Hers truly was a rags to riches story. Born in 1883 and raised in an orphanage in Saumur, France where the nuns taught her to sew, Gabrielle (Coco) Bonheur Chanel took up work with a local tailor as soon as she turned eighteen. Though fiercely independent, rebelling against the male fashion designers of the day who sought to bind women in bustiers and corsets, she was influenced by men who could help set her up in the fashion business, beginning with millenary. When the love of her life, British industrialist, Edward ‘Boy’ Capel backed the opening of her boutiques in Deauville and Biarritz (he was killed in a car crash soon after,) Coco Chanel persevered to open her atelier in Paris at 31 Rue Cambon, the company’s worldwide headquarters to this day. And, although WWII eventually forced her to shutter her business, dauntless, she re-entered the fashion world in 1954 at age 71!
A shrewd visionary with an uncanny ability to create timeless style instead of short-lived trends, Coco Chanel revolutionized fashion when she noticed that many women, still in mourning post WW1, dressed in black. By capitalizing on that ‘look’ but with chic styles and fabrics, she literally created “the little black dress” that is still considered a staple in many women’s closets in the 21st century. Working with perfumer, Ernst Beaux, Mademoiselle created the iconic Chanel No. 5 in 1921, so-named because it was simply the 5th scent presented to the designer and her lucky number. It was the first perfume with an alchemy that included multiple scents. Still the number one selling perfume today, artist, Andy Warhol immortalized the sleek-lined bottle in his lithographs, of which only 190 are in existence.
Coco Chanel was a trailblazer, introducing loose jersey fabrics traditionally used for men’s underwear, into her women’s collections and envisioned be-jeweled boxy fitted jackets inspired by masculine military attire. In 1924, her iconic tweed Chanel suit was born (influenced by men’s hunting and golf jackets worn in the Scottish countryside,) and would become world-wide sensations, popularized later in bouclés and silk by French film stars, Brigitte Bardot and Catherine Deneuve and Hollywood actresses, Grace Kelly and Audrey Hepburn. Today, with Karl Lagerfeld at the CHANEL helm, he continues to re-imagine that classic style.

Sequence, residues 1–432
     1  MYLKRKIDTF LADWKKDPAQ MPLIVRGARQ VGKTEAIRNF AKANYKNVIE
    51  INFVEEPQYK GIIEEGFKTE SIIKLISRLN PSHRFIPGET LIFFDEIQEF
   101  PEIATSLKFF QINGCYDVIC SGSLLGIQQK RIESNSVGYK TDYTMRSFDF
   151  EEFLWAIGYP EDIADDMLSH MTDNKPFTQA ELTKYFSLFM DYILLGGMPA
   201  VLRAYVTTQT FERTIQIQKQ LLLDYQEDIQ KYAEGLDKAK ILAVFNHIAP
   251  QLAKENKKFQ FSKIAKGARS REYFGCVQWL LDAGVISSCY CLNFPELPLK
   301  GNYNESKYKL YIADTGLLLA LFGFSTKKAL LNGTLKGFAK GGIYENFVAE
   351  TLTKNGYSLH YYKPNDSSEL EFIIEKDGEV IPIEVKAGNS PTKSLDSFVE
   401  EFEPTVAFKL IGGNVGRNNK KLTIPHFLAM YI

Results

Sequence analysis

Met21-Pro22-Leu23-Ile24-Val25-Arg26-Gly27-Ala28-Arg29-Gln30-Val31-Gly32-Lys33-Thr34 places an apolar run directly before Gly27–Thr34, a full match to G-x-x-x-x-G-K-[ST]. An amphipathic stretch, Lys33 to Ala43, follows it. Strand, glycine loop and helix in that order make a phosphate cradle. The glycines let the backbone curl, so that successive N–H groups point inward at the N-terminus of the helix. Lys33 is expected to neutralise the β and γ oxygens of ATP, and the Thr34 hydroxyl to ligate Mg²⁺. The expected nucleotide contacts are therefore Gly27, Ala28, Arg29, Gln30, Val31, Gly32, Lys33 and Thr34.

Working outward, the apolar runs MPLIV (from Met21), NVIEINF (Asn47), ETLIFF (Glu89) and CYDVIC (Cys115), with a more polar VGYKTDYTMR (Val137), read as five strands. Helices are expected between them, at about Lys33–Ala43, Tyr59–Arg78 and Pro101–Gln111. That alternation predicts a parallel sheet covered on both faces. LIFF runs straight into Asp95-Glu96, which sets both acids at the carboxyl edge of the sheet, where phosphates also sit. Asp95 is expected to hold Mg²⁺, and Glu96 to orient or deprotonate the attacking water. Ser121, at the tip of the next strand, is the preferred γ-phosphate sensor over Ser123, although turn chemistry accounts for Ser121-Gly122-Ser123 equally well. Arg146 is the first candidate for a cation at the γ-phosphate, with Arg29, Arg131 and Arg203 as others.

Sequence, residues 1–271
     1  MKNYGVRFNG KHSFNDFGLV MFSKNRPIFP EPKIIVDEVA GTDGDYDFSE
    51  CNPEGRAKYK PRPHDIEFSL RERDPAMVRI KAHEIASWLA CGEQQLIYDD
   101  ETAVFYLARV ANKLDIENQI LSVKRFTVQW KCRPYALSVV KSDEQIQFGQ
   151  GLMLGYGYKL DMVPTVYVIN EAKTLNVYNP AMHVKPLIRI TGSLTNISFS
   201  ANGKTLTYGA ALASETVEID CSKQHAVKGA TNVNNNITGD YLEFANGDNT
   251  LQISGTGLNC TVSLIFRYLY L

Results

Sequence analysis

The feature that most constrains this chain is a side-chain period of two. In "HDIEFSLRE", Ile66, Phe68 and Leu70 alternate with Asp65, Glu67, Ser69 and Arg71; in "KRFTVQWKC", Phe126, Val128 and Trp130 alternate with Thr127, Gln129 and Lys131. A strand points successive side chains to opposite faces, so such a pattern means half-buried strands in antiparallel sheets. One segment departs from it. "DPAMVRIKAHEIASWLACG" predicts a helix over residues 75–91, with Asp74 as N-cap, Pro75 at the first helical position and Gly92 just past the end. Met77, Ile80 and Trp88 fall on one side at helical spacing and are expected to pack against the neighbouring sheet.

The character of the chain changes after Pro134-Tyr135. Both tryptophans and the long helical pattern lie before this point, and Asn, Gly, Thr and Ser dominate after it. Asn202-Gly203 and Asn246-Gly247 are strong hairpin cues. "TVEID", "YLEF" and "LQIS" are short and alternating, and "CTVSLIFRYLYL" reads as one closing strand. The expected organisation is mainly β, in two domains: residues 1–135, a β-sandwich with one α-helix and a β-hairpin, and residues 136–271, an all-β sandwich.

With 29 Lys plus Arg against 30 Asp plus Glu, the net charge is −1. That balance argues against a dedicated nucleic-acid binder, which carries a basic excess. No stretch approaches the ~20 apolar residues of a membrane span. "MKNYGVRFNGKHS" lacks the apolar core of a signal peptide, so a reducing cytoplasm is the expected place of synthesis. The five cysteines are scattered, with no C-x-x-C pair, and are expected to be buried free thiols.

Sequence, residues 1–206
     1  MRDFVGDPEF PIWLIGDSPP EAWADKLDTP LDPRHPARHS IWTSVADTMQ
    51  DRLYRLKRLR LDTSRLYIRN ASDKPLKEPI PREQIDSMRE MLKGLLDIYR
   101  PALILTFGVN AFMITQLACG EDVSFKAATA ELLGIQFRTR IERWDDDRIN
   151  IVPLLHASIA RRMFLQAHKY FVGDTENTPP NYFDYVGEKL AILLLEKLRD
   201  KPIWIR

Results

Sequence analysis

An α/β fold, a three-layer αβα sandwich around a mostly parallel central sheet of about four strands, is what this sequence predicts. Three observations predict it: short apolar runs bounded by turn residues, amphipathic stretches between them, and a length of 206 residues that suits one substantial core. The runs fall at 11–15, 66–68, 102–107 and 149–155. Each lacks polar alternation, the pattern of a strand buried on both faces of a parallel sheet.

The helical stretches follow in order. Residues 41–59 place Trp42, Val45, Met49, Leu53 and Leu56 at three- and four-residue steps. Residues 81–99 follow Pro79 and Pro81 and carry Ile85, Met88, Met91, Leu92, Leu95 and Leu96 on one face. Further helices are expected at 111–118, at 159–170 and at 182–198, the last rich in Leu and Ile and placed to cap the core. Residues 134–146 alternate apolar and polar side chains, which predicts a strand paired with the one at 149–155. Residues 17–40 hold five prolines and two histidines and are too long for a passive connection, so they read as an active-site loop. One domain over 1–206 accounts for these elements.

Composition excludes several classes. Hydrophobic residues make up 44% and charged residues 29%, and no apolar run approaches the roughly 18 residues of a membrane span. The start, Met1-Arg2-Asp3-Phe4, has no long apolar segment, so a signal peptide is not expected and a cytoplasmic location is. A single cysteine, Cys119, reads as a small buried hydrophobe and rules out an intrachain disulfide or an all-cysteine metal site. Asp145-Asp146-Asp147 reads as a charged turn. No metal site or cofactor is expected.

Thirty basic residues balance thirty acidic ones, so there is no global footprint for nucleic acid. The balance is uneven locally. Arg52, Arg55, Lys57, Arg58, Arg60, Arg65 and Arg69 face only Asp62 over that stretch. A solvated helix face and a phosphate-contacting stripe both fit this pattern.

“The best things in life are free. The second-best are very expensive.”
With the re-opening of their new eponymous 470-square- meter flagship boutique in Vancouver’s Holt Renfrew, the splendid CHANEL interiors evoke Mademoiselle’s historic commitment to the arts with a modern design aesthetic, while still preserving bygone elegance.
Like all CHANEL boutiques across the globe, the interior was conceived by New York-based architect Peter Marino, renowned for his ability to seamlessly translate the beauty of the Luxury House into his own vision. Marino’s muse was Mademoiselle Chanel’s Parisian apartment on the rue Cambon and her townhouse on Faubourg Saint-Honoré, in Paris. Those exquisite interiors included her remarkable collection of antique folding Chinese inlaid lacquer Coromandel Screens, (a passionate collector, it’s thought that she may have owned 32.)
Echoing that theme, Marino commissioned dark lacquer screens featuring gold embossed camellias from contemporary artist, Nancy Lorenz. Spectacular black filigree floor-to-ceiling accordion screens dotted with crystals by Christophe Côme are actually interlocking ‘Cs’, the brand’s logo. Bespoke upholstered sofas riff on the classical CHANEL tweeds in the two Ready-to-Wear Salons, while a gilded Maison d’Art Goossens chandelier and vintage sunburst mirror sparkle among the shoes and handbags in another intimate setting.
Perhaps the pièce de résistance is in the jewel box of a dedicated space, specifically devoted to CHANEL Fine Jewellery and Watches. For the first time in Canada, the boutique showcases a dazzling array of pieces in diamonds and precious stones like the Camélia Empierré Brooch: 18-karat white gold with 12 spellbinding rare Burmese rubies surrounded by rose-cut pink, brown and brilliant diamonds. Other bijoux reflect Mademoiselle’s zeal for comets, stars, fringes, ribbons, Leo, (her star sign,) many stylized camellias, her favourite flower, as well as birds and butterflies. A selection of watches from the Première, J12 and Mademoiselle Privé collections, including the latest BOY. Friend watch, are also on display. Lingering over the timepieces, the workmanship is astounding; enamellers, engravers, carvers and stone-setters having worked countless hours to perfect their exceptional designs and symmetry.
Coco Chanel, the timeless visionary, re-invented the life she always wanted by staying true to herself .
“In order to be irreplaceable, one must always be different.”
TOP PHOTO: Coco Chanel with Coromandel Screens in her Faubourg-Saint Honore townhouse, Paris. Photo by Horst courtesy Chanel.